The joker, the trickster, the jester, the provocateur – there is a rich cultural history of these roles going back at least as far as Greek mythology’s Hermes.
One of the most famous jester figures of the modern age is the Joker, who made his debut in the first issue of Batman comics in 1940.
As Batman’s arch-nemesis, the Joker offers a reprieve from the less interesting narcissistic, angst-ridden histrionics of the hero. The Joker’s punishment of society is often comical, and his relentlessly ironic spirit of rebellion contrasts with Batman’s dour moral self-righteousness.
The Joker is funny, cool and refreshingly intelligent. He is also back in theatres next month in the aptly named Joker, which this week won Best Film at the Venice Film Festival.
In a deck of cards the joker is – most of the time – formally useless. The two joker cards are omitted from most games, yet the deck is incomplete without them.
The joker is a necessary non-card, the exception that glues together the rest of the pack. A card of shifting rank and use, the joker offers a spark of improvisation within a rigidly hierarchical order.
Culturally, the joker reaffirms the social order through his lampooning of it, turning socially significant places into spaces of carnival and clowning, revealing the comical and absurd cracks in a spirit of anarchic play.
Yet this role has always been intimately tied up with the institutions it appears to subvert. The court jester, for example, functioned in part to legitimise the social order. He maintained a performative relationship with the people, but his acts of subversion of power reaffirmed its very boundaries in the first place.
There are many of these self-styled maverick figures in global politics today, who strategically position themselves as somehow outside of the power structures they, in fact, serve to reproduce.
The words and actions of such provocateurs flirting with the boundaries of social good taste and etiquette should always be taken with a grain of salt. Power can reproduce itself in multiple ways -including through its apparent critique.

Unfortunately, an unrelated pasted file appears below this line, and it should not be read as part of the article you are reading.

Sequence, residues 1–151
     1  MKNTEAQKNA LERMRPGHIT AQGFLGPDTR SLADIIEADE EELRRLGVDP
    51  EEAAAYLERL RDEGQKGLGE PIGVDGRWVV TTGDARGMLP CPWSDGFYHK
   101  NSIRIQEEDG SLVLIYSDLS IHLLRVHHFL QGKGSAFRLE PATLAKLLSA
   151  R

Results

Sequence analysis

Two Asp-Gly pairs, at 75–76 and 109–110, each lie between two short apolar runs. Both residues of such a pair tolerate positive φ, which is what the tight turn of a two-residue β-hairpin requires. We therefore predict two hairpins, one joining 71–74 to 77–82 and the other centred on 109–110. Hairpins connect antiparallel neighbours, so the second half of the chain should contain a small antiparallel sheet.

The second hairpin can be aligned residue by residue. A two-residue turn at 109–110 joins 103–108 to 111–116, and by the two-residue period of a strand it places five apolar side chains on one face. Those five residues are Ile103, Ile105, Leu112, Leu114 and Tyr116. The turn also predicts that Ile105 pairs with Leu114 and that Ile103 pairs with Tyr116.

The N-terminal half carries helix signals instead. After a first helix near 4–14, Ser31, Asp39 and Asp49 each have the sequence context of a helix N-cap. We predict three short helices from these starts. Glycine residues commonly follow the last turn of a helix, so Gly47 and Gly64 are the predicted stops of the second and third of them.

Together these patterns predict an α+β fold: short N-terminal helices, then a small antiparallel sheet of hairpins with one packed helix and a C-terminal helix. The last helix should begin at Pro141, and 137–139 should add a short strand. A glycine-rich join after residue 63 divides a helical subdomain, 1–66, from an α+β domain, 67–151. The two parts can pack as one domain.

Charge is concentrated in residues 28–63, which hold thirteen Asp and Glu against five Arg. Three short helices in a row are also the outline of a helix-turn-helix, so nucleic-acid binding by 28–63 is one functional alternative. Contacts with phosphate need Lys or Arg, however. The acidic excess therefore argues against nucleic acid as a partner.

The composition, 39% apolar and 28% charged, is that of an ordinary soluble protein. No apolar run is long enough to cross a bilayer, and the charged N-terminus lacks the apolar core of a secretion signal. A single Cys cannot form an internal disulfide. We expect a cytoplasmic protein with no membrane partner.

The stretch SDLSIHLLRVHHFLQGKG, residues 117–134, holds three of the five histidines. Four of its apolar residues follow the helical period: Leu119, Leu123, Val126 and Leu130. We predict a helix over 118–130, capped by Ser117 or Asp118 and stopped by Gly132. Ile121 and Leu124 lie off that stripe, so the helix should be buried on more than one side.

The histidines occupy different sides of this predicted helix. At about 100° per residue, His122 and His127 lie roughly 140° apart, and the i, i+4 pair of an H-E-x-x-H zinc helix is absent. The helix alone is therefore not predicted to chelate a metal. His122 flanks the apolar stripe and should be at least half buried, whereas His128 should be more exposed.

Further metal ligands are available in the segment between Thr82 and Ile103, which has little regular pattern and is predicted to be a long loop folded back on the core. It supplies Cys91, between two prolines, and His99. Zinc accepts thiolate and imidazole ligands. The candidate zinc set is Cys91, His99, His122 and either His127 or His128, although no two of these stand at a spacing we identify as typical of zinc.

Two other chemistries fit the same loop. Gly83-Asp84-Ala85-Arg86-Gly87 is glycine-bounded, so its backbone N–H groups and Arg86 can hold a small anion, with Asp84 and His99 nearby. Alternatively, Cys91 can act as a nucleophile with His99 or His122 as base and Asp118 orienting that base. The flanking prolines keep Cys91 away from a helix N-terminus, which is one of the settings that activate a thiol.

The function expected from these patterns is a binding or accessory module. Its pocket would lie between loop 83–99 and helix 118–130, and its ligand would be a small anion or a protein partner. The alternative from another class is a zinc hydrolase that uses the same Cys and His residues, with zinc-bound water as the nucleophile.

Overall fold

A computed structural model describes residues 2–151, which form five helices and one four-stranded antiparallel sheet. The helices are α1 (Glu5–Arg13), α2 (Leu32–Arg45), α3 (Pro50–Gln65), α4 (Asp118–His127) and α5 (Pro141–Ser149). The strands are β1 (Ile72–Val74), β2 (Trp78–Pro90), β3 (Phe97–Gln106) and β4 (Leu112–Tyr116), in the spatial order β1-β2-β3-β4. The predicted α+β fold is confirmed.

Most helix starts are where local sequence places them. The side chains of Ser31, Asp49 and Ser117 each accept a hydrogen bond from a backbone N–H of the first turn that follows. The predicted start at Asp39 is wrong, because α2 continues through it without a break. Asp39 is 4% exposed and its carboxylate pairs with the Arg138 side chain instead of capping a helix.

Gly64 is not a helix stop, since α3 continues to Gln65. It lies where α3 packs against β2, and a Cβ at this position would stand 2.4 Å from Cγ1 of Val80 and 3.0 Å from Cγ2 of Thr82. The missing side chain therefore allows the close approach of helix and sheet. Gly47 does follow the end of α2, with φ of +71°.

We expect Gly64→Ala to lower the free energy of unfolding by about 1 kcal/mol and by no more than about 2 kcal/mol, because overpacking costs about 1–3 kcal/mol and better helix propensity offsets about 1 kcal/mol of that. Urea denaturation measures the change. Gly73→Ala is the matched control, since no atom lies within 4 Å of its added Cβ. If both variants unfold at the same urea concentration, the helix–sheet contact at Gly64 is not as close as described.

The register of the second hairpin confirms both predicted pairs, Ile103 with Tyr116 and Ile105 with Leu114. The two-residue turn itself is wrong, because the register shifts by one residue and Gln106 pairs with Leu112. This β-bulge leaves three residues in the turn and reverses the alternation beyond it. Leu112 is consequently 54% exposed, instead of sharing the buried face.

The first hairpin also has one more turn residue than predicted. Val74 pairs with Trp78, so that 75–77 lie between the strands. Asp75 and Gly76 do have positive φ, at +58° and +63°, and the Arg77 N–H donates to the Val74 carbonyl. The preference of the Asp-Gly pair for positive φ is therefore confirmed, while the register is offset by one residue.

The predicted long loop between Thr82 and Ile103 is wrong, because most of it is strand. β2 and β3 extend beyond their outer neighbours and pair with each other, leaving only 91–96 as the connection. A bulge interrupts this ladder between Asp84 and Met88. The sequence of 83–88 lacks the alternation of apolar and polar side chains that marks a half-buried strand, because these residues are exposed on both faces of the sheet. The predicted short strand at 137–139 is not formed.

Within the Batman franchise, the most effective characterisations of the Joker have him tottering dangerously between comedic whimsy and psychopathic sadism – that liminal space in which, arguably, all great comedy occurs.
Perhaps the greatest actor to portray the role is Jack Nicholson in Tim Burton’s 1989 Batman. Nicholson’s Joker embraces the wackiness of Cesar Romero’s earlier interpretation in the 1960s TV series but adds a genuinely nasty edge, and this combination of colourful zaniness with lethal brutality makes for a disturbing experience for the viewer.
“I make art until someone dies,” Nicholson’s Joker says to journalist Vicki Vale (Kim Basinger) in an art museum after he and his goons have defaced several pieces whilst bopping along to Prince.
“See, I am the world’s first fully functioning homicidal artist.”
By the late 1980s, Nicholson, appearing as the perfect sleazeball in films like The Witches of Eastwick (1987), was the man behind some of the most hated characters in cinema. He was, thus, perfectly cast as the Joker – it helps that the Joker’s demonically twisted face isn’t that far from his own.
Nicholson received first billing in Batman and, as Roger Ebert commented, the viewer’s tendency is to root for the Joker over Batman. It is this ambiguity that makes Burton’s film so compelling.
Heath Ledger’s Joker from The Dark Knight (2008), for which he received a posthumous Best Supporting Actor Oscar, was virtuosically full-bodied. Ledger is eerily, vitally intense. Yet the famous question he asks in the film – “Why so serious?” – could easily be turned back on Ledger’s own performance.